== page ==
Fall of a Kingdom (Flame)
by Hilari Bell
Reviewed by Coral
Two great nations are about to collide; in the end, one will fall.
Farsala is a nation that has never been conquered. Where the rich deghans live a life of ease and luxury. Where a donation to a temple can buy a deghan free of even a murder charge. Where there is no justice for the poor.
The Hrum Empire is a land where there is justice for all. Where even the military commanders have laws to keep them in check. Where, once they begin an invasion, they have a year to finish it before law dictates they sue for peace. Where they have conquered 28 of the 32 countries they have marched against.
With war coming down upon them, the lives of three very different people will never be the same. Soraya, spoiled daughter of Merahb, Farsala's general, is forced to go into hiding when her father's enemies bribe the temples into saying that her sacrifice will grant victory to Farsala's armies. Jiaan, illegitimate peasant-born son of Merahb, will find out just how much faith his father has in him, and find himself in a position he could have never imagined. And Kavi, a poor peasant who has been wronged by the deghans many times, who will be forced to choose between saving himself and betraying his country.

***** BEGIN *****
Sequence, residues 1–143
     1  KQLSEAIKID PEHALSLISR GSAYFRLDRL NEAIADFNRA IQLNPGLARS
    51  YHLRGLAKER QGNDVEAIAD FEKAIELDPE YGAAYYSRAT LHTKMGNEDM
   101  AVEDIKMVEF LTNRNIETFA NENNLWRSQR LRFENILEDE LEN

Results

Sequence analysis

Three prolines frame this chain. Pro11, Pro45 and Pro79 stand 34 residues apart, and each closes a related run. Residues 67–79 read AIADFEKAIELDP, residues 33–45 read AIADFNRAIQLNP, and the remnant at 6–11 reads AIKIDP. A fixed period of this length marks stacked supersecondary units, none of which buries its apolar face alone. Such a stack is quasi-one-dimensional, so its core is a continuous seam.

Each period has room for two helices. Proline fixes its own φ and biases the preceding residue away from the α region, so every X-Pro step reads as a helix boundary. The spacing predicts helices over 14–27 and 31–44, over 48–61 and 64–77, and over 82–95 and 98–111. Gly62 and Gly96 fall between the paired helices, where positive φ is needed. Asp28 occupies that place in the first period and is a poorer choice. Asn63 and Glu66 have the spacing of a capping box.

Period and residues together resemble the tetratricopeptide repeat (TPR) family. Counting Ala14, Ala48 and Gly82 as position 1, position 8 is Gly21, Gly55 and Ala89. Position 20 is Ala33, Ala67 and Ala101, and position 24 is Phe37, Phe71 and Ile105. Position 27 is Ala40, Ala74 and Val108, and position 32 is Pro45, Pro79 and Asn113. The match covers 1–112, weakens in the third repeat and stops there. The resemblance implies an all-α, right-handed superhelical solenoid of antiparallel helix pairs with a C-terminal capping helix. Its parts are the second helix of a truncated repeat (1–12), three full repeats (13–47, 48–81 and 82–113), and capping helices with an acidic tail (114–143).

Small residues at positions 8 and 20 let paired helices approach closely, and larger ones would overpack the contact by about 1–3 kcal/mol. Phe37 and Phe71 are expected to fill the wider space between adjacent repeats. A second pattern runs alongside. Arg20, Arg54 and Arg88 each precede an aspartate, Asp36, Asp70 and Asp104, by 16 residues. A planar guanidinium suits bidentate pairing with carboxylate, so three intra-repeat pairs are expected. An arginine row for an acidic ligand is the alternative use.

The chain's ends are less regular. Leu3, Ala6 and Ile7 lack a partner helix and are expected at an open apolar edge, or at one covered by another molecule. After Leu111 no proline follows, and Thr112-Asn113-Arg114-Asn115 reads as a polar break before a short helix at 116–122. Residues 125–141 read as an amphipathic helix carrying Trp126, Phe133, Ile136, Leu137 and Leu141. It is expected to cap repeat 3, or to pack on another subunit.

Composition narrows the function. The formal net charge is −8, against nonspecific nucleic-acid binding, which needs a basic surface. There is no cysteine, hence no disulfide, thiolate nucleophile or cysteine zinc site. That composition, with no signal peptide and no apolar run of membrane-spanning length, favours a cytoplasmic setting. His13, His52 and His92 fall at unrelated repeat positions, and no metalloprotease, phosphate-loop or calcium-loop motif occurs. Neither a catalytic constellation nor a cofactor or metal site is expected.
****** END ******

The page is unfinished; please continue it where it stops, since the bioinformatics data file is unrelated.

I'm sorry, are we supposed to be cheering for Farsala?
Soraya is such a tired cliché of a character. Spoiled brat who gets away with treating people - even the ones who want to help her - like crap, yet who gets everything she wants. It probably didn't help that she spent more than half the book in hiding. Out of the three main characters, her story line was the least interesting and the most pointless. Maybe it'll get better in the next book, but I'm not holding out much hope.
Jiaan is also a cliché character, but at least his story line was more interesting. His character was also more sympathetic and more developed.
Kavi was actually my favourite character. I really felt for him and the decision he had to make. Can he choose to betray his country for a system that guarantees laws and fairness for all - where the injustices that happened to him won't happen to others? Or will he refuse, probably costing him his life, and leaving in place a system that favours the rich at the expense of everyone else?
Over all, I think this was a pretty decent book. Interesting enough that I'll want to continue with the series, if I ever find the second book.